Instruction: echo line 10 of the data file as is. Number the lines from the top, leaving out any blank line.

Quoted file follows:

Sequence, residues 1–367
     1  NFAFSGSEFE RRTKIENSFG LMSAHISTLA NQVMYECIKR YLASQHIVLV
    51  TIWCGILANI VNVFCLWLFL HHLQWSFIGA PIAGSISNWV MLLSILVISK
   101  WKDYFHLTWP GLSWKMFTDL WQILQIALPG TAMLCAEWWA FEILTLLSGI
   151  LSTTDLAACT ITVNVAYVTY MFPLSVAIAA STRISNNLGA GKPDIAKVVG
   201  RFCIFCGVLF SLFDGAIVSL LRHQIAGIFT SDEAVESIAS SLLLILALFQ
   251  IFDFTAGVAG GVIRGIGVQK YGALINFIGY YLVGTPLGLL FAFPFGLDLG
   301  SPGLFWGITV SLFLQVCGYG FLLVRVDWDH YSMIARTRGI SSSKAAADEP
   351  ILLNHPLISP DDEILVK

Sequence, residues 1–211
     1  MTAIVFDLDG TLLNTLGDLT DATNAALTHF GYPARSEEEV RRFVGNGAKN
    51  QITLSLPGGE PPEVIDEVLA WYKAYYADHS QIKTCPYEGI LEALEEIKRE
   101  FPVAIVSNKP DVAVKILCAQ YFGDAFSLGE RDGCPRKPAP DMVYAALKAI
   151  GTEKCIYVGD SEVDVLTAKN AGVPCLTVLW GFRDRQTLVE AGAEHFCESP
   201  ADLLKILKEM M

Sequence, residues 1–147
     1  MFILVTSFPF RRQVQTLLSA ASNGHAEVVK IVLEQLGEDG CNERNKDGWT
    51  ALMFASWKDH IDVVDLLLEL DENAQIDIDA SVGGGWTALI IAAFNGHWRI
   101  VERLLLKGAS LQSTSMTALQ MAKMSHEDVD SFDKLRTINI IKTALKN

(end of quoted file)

Sequence, residues 1–211